Skip to main content

Training Camp

Browns relying on Andrew Hawkins' smarts

It says it right there on Andrew Hawkins' Twitter bio.

*Leading wide receiver for the Cleveland Browns. *

Other than those that know him best, few realize "Hawk" isn't just talking about his 63 catches and 824 yards last year in his first-ever season as a featured playmaker. 

Since he formally introduced himself to the Browns in April, offensive coordinator John DeFilippo has made it clear during team meetings he is willing to listen to players who have potential ideas.

Always thinking ahead, the 5-foot-7 Hawkins is the type to pounce on this kind of opportunity. Remember this about Hawk: He briefly flirted with the idea of becoming a scout with the Lions and was offered a job after evaluating Calvin Johnson and Detroit receivers. Coach Mike Pettine said the 29-year-old receiver prides himself on his football acumen. The X's and O's aren't challenging for Hawkins – they're fun. They're like a game.

It's safe to say his idea swapping sessions with "Flip" have been frequent.

"He is very open to suggestions," Hawkins said. "So I'll go to Flip and say, 'Hey, what do you think of this?' And we'll go back and forth. Some got shot down (laughs). Some got the go."

Cleveland's wide receiver classroom is one of the most transformed position groups in the AFC North. Of the 13 total wideouts in training camp, only three caught a pass for the Browns last season – Hawkins, Travis Benjamin and Taylor Gabriel. Think of all the new names who Cleveland will count on for catches: Dwayne Bowe, Brian Hartline, Vince Mayle. Then there's even guys like third-string standouts Josh Lenz, Darius Jennings, Kevin Cone, Terrelle Pryor and 5-foot-6 Cleveland native Shane Wynn.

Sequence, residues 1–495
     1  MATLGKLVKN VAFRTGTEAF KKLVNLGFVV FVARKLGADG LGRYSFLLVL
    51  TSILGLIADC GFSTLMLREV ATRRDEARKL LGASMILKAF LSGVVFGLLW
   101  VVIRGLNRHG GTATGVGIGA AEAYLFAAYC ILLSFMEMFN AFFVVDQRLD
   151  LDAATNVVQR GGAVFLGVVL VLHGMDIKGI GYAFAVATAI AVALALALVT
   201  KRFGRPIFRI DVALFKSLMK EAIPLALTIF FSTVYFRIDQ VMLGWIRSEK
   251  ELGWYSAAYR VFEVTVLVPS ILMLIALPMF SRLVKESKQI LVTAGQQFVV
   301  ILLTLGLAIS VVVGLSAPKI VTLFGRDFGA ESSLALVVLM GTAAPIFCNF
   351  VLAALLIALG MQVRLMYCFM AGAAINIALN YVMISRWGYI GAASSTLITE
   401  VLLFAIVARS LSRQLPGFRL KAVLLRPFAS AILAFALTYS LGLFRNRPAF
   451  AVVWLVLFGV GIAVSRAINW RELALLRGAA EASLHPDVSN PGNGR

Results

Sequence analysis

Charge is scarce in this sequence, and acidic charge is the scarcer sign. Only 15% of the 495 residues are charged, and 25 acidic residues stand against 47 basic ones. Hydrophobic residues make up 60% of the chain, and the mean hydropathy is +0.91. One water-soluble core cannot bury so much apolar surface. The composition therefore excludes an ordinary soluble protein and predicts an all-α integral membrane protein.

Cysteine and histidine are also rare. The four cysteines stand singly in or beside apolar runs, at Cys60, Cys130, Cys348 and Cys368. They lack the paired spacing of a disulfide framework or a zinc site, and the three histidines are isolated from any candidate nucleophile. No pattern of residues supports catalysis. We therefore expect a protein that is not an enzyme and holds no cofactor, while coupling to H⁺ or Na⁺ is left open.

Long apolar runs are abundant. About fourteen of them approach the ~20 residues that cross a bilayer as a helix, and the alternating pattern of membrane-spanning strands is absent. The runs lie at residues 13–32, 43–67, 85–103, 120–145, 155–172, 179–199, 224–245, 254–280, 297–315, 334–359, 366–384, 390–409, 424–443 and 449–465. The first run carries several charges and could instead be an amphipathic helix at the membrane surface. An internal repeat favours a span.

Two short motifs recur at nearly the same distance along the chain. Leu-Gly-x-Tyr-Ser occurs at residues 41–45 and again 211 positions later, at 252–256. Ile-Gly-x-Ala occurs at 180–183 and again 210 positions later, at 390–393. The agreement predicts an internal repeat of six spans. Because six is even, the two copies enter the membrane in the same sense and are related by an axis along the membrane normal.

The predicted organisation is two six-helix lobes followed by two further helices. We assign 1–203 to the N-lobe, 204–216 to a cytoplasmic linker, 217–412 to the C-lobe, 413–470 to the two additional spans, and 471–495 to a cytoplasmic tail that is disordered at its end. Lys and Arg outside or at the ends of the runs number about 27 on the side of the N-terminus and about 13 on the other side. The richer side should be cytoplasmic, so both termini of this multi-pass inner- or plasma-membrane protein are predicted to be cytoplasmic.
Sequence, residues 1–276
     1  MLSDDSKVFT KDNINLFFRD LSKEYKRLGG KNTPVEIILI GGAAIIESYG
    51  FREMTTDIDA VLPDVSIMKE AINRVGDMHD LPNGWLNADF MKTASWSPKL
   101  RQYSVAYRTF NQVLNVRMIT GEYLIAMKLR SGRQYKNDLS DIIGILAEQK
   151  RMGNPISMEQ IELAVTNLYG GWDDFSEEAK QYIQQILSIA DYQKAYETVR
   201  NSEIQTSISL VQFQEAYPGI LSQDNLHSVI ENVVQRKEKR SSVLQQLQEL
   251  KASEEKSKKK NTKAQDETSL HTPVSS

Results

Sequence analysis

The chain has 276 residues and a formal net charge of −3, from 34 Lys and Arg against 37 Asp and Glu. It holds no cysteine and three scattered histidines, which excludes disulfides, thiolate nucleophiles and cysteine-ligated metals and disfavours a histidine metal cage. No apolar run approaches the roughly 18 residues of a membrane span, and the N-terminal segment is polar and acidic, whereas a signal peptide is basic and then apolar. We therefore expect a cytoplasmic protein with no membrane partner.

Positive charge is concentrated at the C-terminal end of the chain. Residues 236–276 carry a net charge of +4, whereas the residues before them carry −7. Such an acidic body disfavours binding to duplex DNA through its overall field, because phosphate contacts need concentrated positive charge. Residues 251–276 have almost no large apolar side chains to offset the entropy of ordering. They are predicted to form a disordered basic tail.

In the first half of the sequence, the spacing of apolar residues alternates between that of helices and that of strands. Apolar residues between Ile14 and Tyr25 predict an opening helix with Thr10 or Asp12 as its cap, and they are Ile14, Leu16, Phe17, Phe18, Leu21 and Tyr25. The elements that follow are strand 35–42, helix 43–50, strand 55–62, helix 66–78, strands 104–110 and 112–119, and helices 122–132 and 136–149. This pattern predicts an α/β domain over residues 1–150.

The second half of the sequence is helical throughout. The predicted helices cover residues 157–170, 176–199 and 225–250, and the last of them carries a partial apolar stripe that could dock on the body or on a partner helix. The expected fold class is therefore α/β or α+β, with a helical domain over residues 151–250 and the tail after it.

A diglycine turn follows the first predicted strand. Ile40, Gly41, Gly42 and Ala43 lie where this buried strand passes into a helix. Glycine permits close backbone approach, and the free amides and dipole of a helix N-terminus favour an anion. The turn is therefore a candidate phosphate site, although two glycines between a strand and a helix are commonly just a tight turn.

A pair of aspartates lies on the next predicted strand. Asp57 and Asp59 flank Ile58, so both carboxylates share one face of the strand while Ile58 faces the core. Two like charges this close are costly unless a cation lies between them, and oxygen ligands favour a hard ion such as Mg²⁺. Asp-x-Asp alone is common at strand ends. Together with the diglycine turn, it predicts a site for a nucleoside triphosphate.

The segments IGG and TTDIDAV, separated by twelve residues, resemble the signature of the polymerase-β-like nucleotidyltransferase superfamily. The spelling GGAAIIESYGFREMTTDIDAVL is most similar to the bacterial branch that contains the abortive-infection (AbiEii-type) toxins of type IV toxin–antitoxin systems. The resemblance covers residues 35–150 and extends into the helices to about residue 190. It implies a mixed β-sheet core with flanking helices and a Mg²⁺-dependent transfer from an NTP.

"This is the first time ever in my life I'm not the shortest receiver," Hawkins said. "It is an awesome feeling. A lot of short jokes are getting thrown out in the meeting room."

As a player who's been vocal about developing his leadership skills, Hawkins has contributed behind the scenes by relaying to the coaches who feels most comfortable with certain routes.

"We might get a play and we say, 'Trav, you're good on this play,' and then it'll be, 'yep, Hawk, this one is for you because we know what routes are good for each receiver,'" Hawkins said. "That kind of chemistry, the earlier you have it, the better."

Will Hawkins still be leading the Cleveland Browns in receiving after the 2015 season? It's a healthy debate if you are talking statistics. Pettine said Hawkins showed last season he's versatile to line up as the outside receiver, but most of his practice work will come out of the slot. In this early August wide open competition, defined roles have not been marked with permanent ink.

But in terms of how Hawkins has immersed himself into the improvement of the team's wide receivers , the Browns are putting him and his football mind to work.

"When we are doing less thinking, we can play faster," Hawkins said. "Like I said earlier, we're a lot further along than we were last year."

This article has been reproduced in a new format and may be missing content or contain faulty links. Please use the Contact Us link in our site footer to report an issue.

Related Content